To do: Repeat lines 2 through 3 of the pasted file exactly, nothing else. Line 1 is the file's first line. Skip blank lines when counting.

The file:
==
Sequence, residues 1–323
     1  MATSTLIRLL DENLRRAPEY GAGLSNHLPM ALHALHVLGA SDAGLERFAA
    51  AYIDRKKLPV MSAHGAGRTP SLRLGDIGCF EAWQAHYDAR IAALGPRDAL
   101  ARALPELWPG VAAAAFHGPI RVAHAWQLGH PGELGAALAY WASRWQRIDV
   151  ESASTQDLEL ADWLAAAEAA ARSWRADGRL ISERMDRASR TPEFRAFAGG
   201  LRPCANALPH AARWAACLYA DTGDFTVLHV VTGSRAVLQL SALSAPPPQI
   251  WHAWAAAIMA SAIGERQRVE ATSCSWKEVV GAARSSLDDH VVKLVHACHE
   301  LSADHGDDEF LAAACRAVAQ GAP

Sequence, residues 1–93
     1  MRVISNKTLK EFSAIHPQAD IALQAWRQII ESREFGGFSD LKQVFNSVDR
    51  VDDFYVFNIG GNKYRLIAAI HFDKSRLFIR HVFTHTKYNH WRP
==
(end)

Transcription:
     1  MATSTLIRLL DENLRRAPEY GAGLSNHLPM ALHALHVLGA SDAGLERFAA
    51  AYIDRKKLPV MSAHGAGRTP SLRLGDIGCF EAWQAHYDAR IAALGPRDAL